Mind mapping as you think….coming shortly


Getting the real deal on what’s on your mind

By Dr. Alan Kadish NMD


New sensors can potentially evaluate even the smallest details of what’s happening in your mind, chemically speaking. This technology is some of the outcomes from the White House BRAIN initiative.

Currently our best means of getting information from how a brain functions is by using a fMRI or SPECT scanner. Both rely on established techniques, but look at blood flow or uptake of a tracer to tell us where something is happening in your brain. They can’t be used for an extended period and are expensive. Great when your injured but not for really exploring the chemistry of the brain, especially in real time.

The real deal is far more interrelated and requires knowing not only where somethings occurring but also with what chemical. This potential has now emerged.

We have an interplay of neurochemicals, in two families, that are known as those that stimulate and those that inhibit. It’s this balance that keeps us even kneeled and balanced.

A new technique called CNiFERs can tell us what chemical is being produced at the site in the brain. This is a significant breakthrough as we never knew how the chemistry of the brain formed memories and patterns in real time. Knowing which chemicals, epinephrine, norepinephrine, dopamine, GABA or serotonin and others starts to unravel the story behind how we internally function.

Before you either get totally excited or worried, dependent on how you perceive this technology…..it takes implanting a sensor. Oh…… not ready for a hole in your head ? Be patient, as it opens up the next frontier of how we can understand brain function and repair damage or make our function that much better.

Stay tuned for updates and keeping current with the changes in medicine. Questions , call us at the Center of Health 541.773.3191

Mind Aglow: Scientists Watch Thoughts Form in the Brain

A new technology shows real-time communication among neurons that promises to reveal brain activity in unprecedented detail

 When a single neuron fires, it is an isolated chemical blip. When many fire together, they form a thought. How the brain bridges the gap between these two tiers of neural activity remains a great mystery, but a new kind of technology is edging us closer to solving it.

The glowing splash of cyan in the photo above comes from a type of biosensor that can detect the release of very small amounts of neurotransmitters, the signaling molecules that brain cells use to communicate. These sensors, called CNiFERs (pronounced “sniffers”), for cell-based neurotransmitter fluorescent engineered reporters, are enabling scientists to examine the brain in action and up close.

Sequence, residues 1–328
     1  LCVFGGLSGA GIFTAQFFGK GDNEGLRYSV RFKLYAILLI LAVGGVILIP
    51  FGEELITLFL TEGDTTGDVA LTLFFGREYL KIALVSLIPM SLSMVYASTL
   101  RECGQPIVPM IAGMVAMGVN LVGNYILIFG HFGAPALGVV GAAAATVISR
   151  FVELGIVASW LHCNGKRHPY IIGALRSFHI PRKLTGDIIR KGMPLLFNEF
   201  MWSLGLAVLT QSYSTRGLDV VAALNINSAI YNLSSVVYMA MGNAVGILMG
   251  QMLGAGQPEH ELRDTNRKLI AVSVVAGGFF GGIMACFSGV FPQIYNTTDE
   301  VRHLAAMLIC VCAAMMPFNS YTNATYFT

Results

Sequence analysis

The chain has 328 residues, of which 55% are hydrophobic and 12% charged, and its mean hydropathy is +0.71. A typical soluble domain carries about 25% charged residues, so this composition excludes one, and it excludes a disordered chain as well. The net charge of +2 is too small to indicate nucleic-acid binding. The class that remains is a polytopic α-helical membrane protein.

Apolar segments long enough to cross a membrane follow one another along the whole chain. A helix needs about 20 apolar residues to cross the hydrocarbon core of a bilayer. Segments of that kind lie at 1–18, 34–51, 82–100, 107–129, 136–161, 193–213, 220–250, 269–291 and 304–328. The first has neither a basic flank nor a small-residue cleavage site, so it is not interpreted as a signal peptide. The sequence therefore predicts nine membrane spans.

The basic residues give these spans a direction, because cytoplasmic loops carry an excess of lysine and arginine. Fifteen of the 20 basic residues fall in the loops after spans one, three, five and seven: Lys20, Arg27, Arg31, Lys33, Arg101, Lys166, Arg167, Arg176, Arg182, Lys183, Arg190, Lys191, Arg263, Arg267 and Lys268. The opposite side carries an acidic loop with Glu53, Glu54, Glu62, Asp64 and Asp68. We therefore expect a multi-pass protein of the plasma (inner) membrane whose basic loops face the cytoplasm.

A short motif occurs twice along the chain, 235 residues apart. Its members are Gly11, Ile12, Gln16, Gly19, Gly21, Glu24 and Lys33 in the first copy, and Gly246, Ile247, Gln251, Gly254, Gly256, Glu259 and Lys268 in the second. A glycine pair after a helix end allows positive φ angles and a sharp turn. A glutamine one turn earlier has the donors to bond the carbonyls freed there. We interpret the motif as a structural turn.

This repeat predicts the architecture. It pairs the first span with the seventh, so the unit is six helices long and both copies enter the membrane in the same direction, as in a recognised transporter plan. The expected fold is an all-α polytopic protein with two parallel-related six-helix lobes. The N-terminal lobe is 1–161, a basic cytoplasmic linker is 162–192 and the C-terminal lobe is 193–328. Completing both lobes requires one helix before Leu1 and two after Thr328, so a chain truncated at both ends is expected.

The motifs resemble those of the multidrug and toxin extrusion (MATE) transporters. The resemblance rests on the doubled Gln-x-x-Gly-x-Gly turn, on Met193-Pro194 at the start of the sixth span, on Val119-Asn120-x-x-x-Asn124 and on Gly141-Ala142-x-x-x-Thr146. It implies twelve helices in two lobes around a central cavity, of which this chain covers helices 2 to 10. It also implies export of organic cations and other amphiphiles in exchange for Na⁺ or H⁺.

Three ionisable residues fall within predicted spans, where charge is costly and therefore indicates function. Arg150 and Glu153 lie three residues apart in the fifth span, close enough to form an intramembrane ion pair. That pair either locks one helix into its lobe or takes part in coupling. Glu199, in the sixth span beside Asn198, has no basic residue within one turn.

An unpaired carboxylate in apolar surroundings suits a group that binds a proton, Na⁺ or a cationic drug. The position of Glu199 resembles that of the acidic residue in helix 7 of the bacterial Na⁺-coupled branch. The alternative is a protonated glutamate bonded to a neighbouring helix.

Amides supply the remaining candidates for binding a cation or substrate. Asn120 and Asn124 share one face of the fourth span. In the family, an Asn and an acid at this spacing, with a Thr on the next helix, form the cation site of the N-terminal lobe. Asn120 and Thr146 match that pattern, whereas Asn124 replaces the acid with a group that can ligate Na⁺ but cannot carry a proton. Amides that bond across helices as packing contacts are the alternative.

This newfound ability, developed as part of the White House BRAIN Initiative, could further our understanding of how brain function arises from the complex interplay of individual neurons, including how complex behaviors like addiction develop. Neuroscientist Paul Slesinger at Icahn School of Medicine at Mount Sinai, one of the senior researchers who spearheaded this research, presented the sensors Monday at the American Chemical Society’s 252nd National Meeting & Exposition.

Current technologies have proved either too broad or too specific to track how tiny amounts of neurotransmitters in and around many cells might contribute to the transmission of a thought. Scientists have used functional magnetic resonance imaging to look at blood flow as a surrogate for brain activity over fairly long periods of time or have employed tracers to follow the release of a particular neurotransmitter from a small set of neurons for a few seconds. But CNiFERs make for a happy medium; they allow researchers to monitor multiple neurotransmitters in many cells over significant periods of time.

When a CNiFER comes in contact with the neurotransmitter it is designed to detect, it fluoresces. Using a tiny sensor implanted in the brain, scientists can then measure how much light the CNiFER emits, and from that infer the amount of neurotransmitter present. Because they comprise several interlocking parts, CNiFERs are highly versatile, forming a “plug-and-play system,” Slesinger says. Different sections of the sensor can be swapped out to detect individual neurotransmitters. Prior technology had trouble distinguishing between similar molecules, such as dopamine and norepinephrine, but CNiFERs do not.

The sensors are being tested in animals to examine particular brain processes. Slesinger and his colleagues have used CNiFERs to look more closely at a classic psychological phenomenon: Pavlovian conditioning. Just as Pavlov trained his dog to salivate at the sound of a dinner bell, Slesinger and his team trained mice to associate an audio cue with a food reward. At the beginning of the experiment, the mice experienced a release of dopamine and norepinephrine when they received a sugar cube. As the animals became conditioned to associate the audio cue with the sugar, however, the neurotransmitter release occurred earlier, eventually coinciding with the audio cue rather than the actual reward.

Mouse studies might be a far cry from the kind of human impact that neuroscience ultimately strives toward—better treatments for Parkinson’s patients or concussion sufferers, for example—but this is where it all begins. Slesinger is especially interested in using CNiFERs to study addiction. A more nuanced understanding of how addiction develops in mouse brains could help identify novel targets to combat addiction in people.

Rights & Permissions

The following two tabs change content below.
Dr. Kadish is an unusual physician often referred to as a "doctor detective". His expertise is the evaluation and treatment of complex disorders, typically after other physicians have been stumped, is renowned. He provides care for all family members and has additional training in autistic spectrum disorders and chronic complex diseases.